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Human Rights First Letter Regarding Giuliani Plan
for Mexico City

Human Rights First has sent a detailed letter Mexico City's Public Security Secretary Marcelo Ebrard offering a response to a summary of recommendations that the Secretariat circulated recently. The recommendations come from a consulting team headed by former NY mayor Rudolph Giuliani. Giuliani was contracted by Mexico City's government for USD4.3 million (paid by a group of Mexican businessmen) to conduct a review of policing and criminal justice and make recommendations.

Text of the Letter in English
Texto de la Carta en Espa�ol

The letter seconds many of the recommendations, several of which Human Rights First had made previously to Mexico City officials in a letter last March (see letter to Secretary Ebrard re new Public Security Law) , but raises significant questions about others. INSyDE (Instituto Para la Seguridad y la Democracia, A.C.), a new Mexican NGO focusing on policing and criminal justice sent a similar letter under separate cover after consulting with Human Rights First.

Text of INSyDE's Letter in Spanish


Towards a Real Rule of Law in Mexico

Pushing for Due Process and Accountable Police

Urge Caution Before Importing “Zero Tolerance” Policing to Mexico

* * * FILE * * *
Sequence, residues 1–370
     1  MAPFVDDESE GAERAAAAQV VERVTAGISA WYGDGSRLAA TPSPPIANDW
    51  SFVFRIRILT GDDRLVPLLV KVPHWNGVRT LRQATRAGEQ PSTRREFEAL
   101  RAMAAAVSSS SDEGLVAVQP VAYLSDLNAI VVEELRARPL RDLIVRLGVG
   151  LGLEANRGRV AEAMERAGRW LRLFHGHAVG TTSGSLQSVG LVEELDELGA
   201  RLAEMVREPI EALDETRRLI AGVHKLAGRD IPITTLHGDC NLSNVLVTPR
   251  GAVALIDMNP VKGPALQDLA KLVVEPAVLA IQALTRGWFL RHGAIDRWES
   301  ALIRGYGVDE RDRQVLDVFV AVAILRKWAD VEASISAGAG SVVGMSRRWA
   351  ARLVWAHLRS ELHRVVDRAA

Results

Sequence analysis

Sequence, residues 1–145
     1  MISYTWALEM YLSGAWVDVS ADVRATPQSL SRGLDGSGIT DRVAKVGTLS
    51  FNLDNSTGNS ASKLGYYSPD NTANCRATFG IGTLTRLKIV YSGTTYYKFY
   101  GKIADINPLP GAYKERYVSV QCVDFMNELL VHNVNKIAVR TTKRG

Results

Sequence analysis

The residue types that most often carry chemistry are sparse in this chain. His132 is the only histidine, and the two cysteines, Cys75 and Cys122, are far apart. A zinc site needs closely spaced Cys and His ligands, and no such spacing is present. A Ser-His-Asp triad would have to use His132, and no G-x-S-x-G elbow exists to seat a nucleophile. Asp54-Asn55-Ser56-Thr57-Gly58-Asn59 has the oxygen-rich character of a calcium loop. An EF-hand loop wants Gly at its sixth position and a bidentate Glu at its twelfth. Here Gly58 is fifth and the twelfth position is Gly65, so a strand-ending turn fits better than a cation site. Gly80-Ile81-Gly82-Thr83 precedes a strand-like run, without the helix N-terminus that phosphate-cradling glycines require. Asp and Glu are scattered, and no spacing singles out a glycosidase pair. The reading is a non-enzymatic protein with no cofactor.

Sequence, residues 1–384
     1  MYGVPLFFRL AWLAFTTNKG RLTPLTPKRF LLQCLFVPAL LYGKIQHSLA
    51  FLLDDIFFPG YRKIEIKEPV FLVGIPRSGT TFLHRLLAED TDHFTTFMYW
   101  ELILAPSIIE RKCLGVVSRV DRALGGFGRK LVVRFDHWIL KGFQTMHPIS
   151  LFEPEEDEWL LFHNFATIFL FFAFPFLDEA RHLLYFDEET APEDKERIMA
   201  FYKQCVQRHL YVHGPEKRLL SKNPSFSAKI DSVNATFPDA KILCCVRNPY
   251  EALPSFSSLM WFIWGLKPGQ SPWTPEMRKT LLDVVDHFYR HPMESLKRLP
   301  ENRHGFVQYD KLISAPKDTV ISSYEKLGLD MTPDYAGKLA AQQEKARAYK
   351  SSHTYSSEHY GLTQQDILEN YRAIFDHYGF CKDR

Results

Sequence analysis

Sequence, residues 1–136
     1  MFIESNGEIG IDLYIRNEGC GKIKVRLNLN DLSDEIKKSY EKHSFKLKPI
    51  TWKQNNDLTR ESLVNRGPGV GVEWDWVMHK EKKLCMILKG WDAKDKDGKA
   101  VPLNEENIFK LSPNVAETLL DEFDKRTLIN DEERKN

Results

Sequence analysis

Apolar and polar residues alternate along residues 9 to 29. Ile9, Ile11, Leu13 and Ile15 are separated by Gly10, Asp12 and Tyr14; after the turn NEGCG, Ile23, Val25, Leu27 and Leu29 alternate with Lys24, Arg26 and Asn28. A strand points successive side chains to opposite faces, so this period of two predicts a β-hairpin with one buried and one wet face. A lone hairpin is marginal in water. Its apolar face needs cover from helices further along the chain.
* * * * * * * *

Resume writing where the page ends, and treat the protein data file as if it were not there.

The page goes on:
For decades, Mexican police have been poorly trained, ill equipped and badly led. Unable to stand up to organized crime, political bosses, or their own sometimes corrupt leaders, police forces have been notoriously inefficient at bringing culprits to justice. Without the means to do their job properly, and little incentive to change from a passive judiciary, Mexican police have frequently resorted to extreme and brutal means. The result has been an extreme lack of confidence in public institutions, from the police station to the courthouse.


“Mexicans do not trust their police either to protect them from harm or to solve crimes”
– National Secretary of Public Security Alejandro Gertz Manero


Officials in the Fox administration admit that police frequently torture or otherwise use excessive force against suspects, compelling them to confess to crimes where no other evidence exists. The problem with Mexican police is a serious, multi-layered one of corruption, ineffectiveness, unaccountability and brutality. There are, however opportunities for change, as new administrations at all levels, and even the PRI begin to recognize that they need to seek new models for policing, or risk losing voter support.

Human Rights First's Approach to Reform in Mexico



Mexican Justice System: The Rules of the Game Invite Abuse

Intimidation, torture and extortion of detainees are entrenched practices in Mexican criminal justice. This is not simply because of “bad apples” in the police forces. Instead, the criminal justice system maintains incentives for the police to coerce statements out of defendants or witnesses – in other words, as the Mexican saying goes, “police detain in order to investigate, rather than investigate in order to detain.” more>>

Creating Accountable Police in Mexico

Across party lines, Mexican officials concede that their police are a dismal failure and a menace. Bowing to both domestic and international pressure for change, they have purged thousands of corrupt or violent police officers in the past decade. However, this “weeding out” has yet to significantly improve Mexican policing since broken institutions and bad practices remain intact — and bad cops regularly return to the job. more>>


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